2124
Views

Student Team Plans to Win Monaco's Open Ocean Green-Power Race

Tu delft hydro motion
The 2022 Hydro Motion race boat (above) took home second place; this year's team wants first (TU Delft Hydro Motion)

Published Dec 28, 2022 11:12 PM by The Maritime Executive

Every year, TU Delft's Hydro Motion program gathers together an elite team of engineering students to design, build and race a sustainably-powered boat that pushes the envelope of existing technology. The boats race in the premier Open Sea Class of the Monaco Energy Boat Challenge against commercial boat manufacturers, and last year they took home second place. This year the team intends to take home the gold. 

To learn more, TME spoke with Hydro Motion's 2023 operations manager, Mandy Vermeijs. 

To start off, do you think you could tell us a bit about yourself?

Sure. My name is Mandy, I'm now 22 years old and I finished my bachelor's here at TU Delft. I did my undergraduate in design engineering and I have started my master's degree in strategic product design. 

I decided to take a gap year and gain an experience that was really unique, and so I applied for the Hydro Motion team. It's quite a hard application, but I got it and that's amazing. My function this year is operations, and my responsibility in this is in finance partnerships and external communication. In this team we get selected on our motivation rather than our existing knowledge, so you get to learn something entirely new very quickly. 

Can you tell us about your partnership arrangements?

We are have hundreds of partners. Most supply us with the things, capabilities and collaborative relationships we need. For example, the production location for the boat is at one of our partners' facilities, and we have another partner that is supplying us with carbon fiber.

We also have financial support from some partners, because of course you still need money. A lot of them are maritime or sustainability connected, and we have relationships with big names like Deme, Damen and Feadship. 

Can you tell us about how Hydro Motion selected hydrogen as its green fuel of choice?

When we started the foundation in 2006, we started as a solar boat team, but we decided to take it up a notch. In 2021, we built and raced the first hydrofoiling hydrogen powered boat. 

We decided to change to hydrogen because we wanted to go offshore. We had to enlarge our boat so it's able to survive in the sea, and then we saw that when it became so large, solar was not enough to power it. We started looking at other green solutions and found that hydrogen was the best fit. It has so much energy in it: we only have 16 kilograms of hydrogen on board, but we can sail almost 215 nautical miles. A battery-powered boat cannot compete with that kind of range. 

Building a groundbreaking hydrogen-powered boat with unbeatable range was a great accomplishment, but the race we are competing in has three trials: speed, maneuverability and endurance. This year we want to win all three.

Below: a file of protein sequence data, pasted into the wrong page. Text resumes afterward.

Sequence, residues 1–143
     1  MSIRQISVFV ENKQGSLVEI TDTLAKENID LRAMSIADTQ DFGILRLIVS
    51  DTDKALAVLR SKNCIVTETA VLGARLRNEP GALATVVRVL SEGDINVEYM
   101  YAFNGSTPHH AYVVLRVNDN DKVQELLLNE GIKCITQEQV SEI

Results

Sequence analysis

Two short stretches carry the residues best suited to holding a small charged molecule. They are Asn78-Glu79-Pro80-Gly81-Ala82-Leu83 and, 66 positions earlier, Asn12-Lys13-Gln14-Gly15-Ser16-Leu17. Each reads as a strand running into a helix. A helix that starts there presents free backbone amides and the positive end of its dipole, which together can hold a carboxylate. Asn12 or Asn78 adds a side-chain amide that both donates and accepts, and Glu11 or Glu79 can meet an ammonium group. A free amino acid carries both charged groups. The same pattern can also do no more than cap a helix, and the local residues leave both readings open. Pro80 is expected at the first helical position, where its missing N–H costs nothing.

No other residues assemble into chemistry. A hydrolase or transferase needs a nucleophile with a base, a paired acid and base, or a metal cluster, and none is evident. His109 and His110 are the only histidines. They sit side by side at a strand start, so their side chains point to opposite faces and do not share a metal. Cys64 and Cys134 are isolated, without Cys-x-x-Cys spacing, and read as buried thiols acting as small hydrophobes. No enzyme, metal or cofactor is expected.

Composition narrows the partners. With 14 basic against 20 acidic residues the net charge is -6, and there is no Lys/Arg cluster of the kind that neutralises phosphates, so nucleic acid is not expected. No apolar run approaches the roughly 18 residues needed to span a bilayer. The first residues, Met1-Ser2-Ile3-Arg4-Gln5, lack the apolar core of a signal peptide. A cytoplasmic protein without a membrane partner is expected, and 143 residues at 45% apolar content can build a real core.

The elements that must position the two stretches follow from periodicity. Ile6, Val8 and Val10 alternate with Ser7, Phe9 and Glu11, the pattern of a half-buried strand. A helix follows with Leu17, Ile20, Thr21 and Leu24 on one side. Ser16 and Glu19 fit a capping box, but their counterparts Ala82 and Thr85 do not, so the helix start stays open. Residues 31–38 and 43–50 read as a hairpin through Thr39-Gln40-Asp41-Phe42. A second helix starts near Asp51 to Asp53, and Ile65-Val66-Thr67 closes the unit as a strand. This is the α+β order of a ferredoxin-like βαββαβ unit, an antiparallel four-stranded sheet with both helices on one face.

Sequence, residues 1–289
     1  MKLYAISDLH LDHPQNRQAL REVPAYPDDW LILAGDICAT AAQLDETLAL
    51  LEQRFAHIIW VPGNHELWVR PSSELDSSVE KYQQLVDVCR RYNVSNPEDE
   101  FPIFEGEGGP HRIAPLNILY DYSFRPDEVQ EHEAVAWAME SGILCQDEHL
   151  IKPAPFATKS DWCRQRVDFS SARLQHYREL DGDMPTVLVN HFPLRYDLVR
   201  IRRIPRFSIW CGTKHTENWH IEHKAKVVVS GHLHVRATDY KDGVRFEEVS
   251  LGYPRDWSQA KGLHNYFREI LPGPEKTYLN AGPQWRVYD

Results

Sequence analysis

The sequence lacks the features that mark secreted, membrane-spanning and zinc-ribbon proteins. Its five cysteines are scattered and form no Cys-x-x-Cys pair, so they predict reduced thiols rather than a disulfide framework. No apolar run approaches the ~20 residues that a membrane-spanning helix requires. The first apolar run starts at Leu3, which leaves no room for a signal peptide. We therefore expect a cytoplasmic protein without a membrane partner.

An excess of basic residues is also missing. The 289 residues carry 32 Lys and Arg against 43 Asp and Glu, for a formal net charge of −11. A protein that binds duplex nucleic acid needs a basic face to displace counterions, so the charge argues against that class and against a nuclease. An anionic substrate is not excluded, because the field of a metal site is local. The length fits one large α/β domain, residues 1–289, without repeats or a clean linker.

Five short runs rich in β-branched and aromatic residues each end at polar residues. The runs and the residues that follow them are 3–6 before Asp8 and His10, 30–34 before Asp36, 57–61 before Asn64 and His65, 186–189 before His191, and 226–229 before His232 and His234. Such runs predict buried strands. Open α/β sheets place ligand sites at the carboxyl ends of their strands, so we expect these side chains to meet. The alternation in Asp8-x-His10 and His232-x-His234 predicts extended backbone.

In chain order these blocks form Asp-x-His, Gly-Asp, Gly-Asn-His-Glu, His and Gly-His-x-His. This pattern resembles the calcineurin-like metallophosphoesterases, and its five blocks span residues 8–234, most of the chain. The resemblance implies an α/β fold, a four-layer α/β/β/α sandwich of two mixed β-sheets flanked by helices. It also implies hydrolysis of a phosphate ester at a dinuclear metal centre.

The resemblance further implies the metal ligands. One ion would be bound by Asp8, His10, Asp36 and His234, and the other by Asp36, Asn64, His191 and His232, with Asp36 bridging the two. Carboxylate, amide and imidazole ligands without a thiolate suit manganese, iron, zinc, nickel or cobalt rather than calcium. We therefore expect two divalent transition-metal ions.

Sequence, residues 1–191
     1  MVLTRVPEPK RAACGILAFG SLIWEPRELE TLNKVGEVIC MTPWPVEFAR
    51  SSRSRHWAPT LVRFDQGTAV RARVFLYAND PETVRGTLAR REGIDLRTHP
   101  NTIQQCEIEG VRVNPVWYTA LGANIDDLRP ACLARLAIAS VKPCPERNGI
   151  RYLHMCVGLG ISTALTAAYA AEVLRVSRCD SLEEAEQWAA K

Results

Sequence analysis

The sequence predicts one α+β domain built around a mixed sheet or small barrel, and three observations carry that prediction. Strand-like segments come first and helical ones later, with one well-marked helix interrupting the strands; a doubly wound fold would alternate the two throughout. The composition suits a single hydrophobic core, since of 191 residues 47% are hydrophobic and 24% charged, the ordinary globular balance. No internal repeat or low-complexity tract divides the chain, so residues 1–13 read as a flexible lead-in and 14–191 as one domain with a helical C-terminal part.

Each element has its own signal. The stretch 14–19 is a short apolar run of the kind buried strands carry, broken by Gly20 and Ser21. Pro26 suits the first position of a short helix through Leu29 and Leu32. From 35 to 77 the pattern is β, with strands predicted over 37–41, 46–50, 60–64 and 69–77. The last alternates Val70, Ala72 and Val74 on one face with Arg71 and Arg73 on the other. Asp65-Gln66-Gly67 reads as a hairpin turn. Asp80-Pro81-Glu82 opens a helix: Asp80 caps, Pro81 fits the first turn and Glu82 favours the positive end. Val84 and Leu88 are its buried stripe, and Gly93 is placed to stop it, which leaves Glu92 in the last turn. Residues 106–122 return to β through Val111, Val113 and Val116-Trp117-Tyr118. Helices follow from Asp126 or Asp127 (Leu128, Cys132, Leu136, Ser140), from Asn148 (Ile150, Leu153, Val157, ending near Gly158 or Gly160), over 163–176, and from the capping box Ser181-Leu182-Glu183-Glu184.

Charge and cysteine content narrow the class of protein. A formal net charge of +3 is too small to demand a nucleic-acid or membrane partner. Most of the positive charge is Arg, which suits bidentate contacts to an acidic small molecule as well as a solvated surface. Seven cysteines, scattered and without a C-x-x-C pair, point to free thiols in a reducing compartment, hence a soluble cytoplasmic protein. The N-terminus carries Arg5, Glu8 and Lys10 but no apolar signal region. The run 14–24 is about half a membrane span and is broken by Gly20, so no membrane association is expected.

The 2022 Hydro Motion team and its monohull design (above)

What do you plan to do differently with the design this year? 

Last year's design was a monohull, and we are iterating on it to increase its potential for stable foiling - that is, flying above the water. Last year's design had trouble foiling, and they stayed in the water.

This year, we want to once again fly above the water with our boats because that brings high efficiency. We can go way further with it because you use less fuel.

We are also structuring our timeline a bit differently. We saw last year that for foiling you need a lot of testing - there is a lot of fine tuning and that takes time. So we have started our project earlier than last year's team, and we have allowed for more testing time. We'll hit the water in April and that will give us three months of testing before the race in July. 

More broadly, this is an opportunity for us to test the boundaries of innovation and the state of the art. And that is why our partners are so involved. They are a platform for us to achieve our goal, but they also can take over where we stop. We show what is possible and they can take the lessons into their own projects. 

Do these partnerships also create opportunities for the program's members after the year is over?

Yes, you do see that a lot. We have so much personal contact with these companies - you can call and email them any time, and that kind of relationship helps our members build connections that last past the program. 

The same is true with past years' team members. We have review sessions that we invite everyone to join, and you'll see alumni from five, 10 years back attending. You can always reach out to them. 

How can maritime companies and professionals get involved if they're interested? 

Funding is always appreciated, and we're open to partnering with companies from around the world. We have partners in China, Italy, Norway, Belgium, the U.S. and England. Location is no obstacle. 

Any closing thoughts?

I'd say that what we are doing is truly unique. We start the year as engineers and come out at the end of the year as engineers for a sustainable future. And that's such a difference. 

We're also convinced that we will become world champions this year. The race will be against commercial companies, and we will be the only student team - and we will win.